For example, for someone who grew up with a computer with a particular sound card,note not having the sound card emulated in DOSBox is a good enough reason to go and splash money on the hardware route for some because "the game will not sound like how I remembered it".note Also, games may not work as well in emulation, due to various factors that can contribute to input/output latency;note this is often made worse by attempts to sync the screen refresh to that of the monitor in order to avoid tearing and juddering. The upshot however is convenience: this method is purely digital, you have a vast array of games available at your fingertips, they're free, and the games are so small that a new one is only an instant download away. They can also be used to make the games look better than they did, like render Spyro the Dragon in HD, widescreen and a higher colour depth than was possible on the original hardware.
Emulation is also a common way for publishers to re-release their older back-catalogue on modern platforms: take a shot every time Sonic the Hedgehog 2 is re-released this way. While they can also run the risk of the same problems and inaccuracies as "homebrew" emulation, they are more accessible with no legal grey area, and run on systems you can plug into your HDTV with minimal worries. A third option is FPGA consoles, which can exactly copy the way the original hardware worked for extremely accurate replication while running the original carts, while also allowing for digital ROMs and modern conveniences like HDMI output.
It is retro gaming that often supplies the sound effects in television and movies to denote that video games are being played, regardless of the fact that Halo does not sound remotely like Galaga or Pac-Man. While very outdated and often full of Narm, this works because that soundscape is exclusive to video games, and so is highly unlikely to be confused with anything else.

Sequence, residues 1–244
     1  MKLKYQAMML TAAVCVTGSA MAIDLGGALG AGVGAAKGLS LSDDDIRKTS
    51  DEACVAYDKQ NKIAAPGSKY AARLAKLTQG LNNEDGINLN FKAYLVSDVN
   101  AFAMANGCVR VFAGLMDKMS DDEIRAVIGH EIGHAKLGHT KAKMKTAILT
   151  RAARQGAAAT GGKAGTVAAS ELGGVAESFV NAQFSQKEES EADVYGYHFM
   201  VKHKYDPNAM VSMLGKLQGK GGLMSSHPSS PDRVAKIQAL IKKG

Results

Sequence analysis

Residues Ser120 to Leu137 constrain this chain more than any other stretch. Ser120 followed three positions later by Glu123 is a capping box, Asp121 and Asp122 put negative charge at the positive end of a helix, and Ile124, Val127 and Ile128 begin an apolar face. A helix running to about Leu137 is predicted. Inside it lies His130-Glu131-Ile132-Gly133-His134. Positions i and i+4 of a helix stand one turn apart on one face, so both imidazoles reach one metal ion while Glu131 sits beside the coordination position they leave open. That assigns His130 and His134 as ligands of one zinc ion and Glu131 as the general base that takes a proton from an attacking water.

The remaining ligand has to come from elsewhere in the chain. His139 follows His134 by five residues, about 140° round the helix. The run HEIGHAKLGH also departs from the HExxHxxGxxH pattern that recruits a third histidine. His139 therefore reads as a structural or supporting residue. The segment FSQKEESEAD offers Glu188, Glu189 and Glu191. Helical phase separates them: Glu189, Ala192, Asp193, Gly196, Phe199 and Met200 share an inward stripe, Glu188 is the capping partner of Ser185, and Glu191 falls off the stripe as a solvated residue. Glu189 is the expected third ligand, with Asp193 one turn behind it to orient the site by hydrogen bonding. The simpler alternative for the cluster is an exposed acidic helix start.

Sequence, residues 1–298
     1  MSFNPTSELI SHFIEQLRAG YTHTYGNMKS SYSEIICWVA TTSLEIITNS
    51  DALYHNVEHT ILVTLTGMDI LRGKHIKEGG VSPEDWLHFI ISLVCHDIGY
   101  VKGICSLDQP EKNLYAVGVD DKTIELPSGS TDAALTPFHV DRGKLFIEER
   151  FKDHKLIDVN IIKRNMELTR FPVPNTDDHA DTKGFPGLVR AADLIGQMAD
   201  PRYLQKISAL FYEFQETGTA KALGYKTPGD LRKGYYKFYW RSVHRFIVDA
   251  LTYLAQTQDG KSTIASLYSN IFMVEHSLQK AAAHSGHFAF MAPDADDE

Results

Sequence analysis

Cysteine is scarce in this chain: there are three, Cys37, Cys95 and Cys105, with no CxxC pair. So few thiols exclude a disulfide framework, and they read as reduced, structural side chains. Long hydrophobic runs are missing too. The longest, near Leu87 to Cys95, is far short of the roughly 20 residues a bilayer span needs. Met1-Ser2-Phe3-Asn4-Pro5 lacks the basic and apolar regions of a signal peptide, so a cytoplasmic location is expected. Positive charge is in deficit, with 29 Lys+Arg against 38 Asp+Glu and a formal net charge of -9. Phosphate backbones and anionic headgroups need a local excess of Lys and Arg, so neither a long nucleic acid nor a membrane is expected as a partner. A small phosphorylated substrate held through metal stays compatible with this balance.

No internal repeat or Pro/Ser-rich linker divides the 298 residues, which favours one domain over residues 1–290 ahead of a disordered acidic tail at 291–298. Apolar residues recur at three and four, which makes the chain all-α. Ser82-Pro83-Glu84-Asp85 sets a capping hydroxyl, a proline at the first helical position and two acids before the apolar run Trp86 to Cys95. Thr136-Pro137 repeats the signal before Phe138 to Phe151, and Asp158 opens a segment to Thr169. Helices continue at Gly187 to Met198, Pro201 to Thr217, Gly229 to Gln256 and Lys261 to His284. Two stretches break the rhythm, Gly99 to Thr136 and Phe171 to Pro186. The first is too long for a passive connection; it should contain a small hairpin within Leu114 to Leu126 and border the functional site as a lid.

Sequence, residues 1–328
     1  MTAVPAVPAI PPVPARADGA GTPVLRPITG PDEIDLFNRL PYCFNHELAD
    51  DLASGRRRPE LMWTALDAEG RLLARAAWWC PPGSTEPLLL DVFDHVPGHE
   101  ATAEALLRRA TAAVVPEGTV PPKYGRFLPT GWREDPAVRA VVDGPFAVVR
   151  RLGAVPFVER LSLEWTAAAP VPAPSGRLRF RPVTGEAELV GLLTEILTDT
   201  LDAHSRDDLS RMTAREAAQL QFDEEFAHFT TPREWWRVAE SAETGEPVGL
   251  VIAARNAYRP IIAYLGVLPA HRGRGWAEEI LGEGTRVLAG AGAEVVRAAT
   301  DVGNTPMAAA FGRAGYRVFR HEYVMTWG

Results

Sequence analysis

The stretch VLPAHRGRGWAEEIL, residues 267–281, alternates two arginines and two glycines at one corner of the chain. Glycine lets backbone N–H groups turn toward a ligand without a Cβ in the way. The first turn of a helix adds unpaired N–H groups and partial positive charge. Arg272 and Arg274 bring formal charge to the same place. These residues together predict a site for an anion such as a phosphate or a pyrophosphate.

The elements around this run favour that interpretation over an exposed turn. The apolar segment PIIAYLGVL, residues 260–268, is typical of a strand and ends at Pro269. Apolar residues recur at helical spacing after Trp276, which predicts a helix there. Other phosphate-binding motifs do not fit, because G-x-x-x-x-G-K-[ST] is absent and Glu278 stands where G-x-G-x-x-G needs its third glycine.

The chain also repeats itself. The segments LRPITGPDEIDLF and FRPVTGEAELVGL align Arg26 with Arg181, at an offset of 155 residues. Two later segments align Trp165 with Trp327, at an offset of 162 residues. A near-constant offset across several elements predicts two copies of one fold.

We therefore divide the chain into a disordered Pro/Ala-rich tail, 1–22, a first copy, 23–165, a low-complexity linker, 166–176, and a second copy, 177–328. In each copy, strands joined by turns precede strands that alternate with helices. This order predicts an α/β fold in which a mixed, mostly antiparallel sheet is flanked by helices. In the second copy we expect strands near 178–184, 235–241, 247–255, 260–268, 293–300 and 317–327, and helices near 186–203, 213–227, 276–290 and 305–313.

Home of the Underdogs is a 'digital museum' of underappreciated games, the vast majority of which are fifteen to twenty years old. (Its previous incarnation at http://www.underdogs.net/info became defunct a few years ago due to an apparent lack of funding.) The Retronauts podcast (formerly of 1up.com) is dedicated to discussion of retro gaming.
There are now museums and organizations set up around the world dedicated to capturing the history and examples of the early years of videogaming, such as the Video Game History Foundation. Much like early Doctor Who tapes, video game development was thought of as disposable, and little to no effort was made to conserve source code, original artwork and other associated products of the process, with games as recent as 2002's Kingdom Hearts having all its development resources lost (something that still happens today). Further, early (and not so early) storage media are notoriously unreliable, and efforts are being made to transfer early digital artifacts into more stable form.
In the mid-New Tens, the Internet Archive began several projects to preserve early video games in danger of being lost. These projects, which allow for in-browser emulation, include the Internet Arcade for arcade games and archives of MS-DOS and Windows 3.x games.